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Sink Or Swim; Nostalgia & a Little Shove

mylifeHolidays tend to make us nostalgic. Thank goodness that they’re officially over for 2015.

I can’t count the number of times that I’ve heard, “2015 was a terrible year“. Wow.

I prefer to frame my year as a deli sandwich. The bread was delicious, but the meat of it was a little sour. In other words, the first and last thirds were great (as in; good enough), but the middle really blew.

How often as children did we say a year was terrible? We didn’t darlings. We just did the 10 second countdown to the new year and moved forward with joyful, curious abandon.

sufferingNow we yearn for the days when life was simple and  we still believed in magic. Friendships and family were taken for granted, and happiness was just on the other side of the screen door.

As adults, we tend to overcomplicate things. ‘Be kind and play fair’, seem to have gotten lost in the big, adult personal ethics playbook. And that just stinks. Because it hurts. Yes, people can be selfish and cruel, but they can also be kind, giving, and lovely to snuggle up with. Naked.

As human beings, we all want to be loved. We all need and want strong friendships, a true love with whom we can  share our most intimate selves , and bourbon. Ok, maybe the last bit is all about me, but whatever.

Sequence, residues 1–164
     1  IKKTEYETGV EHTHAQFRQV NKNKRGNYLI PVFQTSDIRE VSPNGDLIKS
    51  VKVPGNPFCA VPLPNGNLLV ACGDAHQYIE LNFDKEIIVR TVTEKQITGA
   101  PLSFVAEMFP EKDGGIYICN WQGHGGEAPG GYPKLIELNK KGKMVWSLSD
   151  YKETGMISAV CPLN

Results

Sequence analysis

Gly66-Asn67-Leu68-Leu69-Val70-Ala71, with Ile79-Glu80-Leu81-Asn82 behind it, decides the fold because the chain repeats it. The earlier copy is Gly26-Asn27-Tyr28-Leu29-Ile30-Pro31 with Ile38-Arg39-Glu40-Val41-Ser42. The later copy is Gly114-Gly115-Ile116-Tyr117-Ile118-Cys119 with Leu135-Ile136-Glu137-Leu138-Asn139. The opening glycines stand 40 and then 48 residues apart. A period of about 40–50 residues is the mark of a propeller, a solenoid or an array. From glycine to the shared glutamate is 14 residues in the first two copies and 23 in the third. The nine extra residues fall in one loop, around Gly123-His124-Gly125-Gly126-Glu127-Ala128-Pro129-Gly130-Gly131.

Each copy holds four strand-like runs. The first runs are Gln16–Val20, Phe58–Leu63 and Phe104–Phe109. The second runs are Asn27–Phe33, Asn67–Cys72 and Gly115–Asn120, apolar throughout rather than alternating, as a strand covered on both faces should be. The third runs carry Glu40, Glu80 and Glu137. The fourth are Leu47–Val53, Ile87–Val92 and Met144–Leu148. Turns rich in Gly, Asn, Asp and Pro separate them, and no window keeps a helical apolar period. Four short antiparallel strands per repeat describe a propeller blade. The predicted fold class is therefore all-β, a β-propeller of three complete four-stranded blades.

When we lose ourselves in the fray of losing the one person we fell in love with, we feel broken. I’ve been there. It hurts. It’s scary, and it puts a pretty harsh filter on our vision of the future.

Just this summer, I sat, sobbing on my friend’s front step, while she nursed my broken heart and damaged pride. I felt empty, hopeless, afraid and lost.

We live in a world that prizes the individual and yet makes it impossible to live without the safety net of community, family and friends. Yes, the great Western-way-of-life has unfolded into a wonderful cock-up of psychological dissonance. But what do I know? I’m just a girl after all.

I do know this. The holiday season has seen a lot of falling in and out of love; happy hearts and hearts that have been broken and need time to heal, relationships that are worn thin, or worn out altogether.

The beautifully terrifying part of it all, is that the only way to heal a heart is to live life. The very life that has tossed you like a small boat on a big, angry, ocean, leaving you feeling washed up and broken beyond repair.

Cling to curiosity. Let your friends lead you when you are  blinded by tears. Be wary of the seductive pull of too much sleep, lack of self care, and try to remember how good it feels to laugh after you decide to, ‘fuck it’.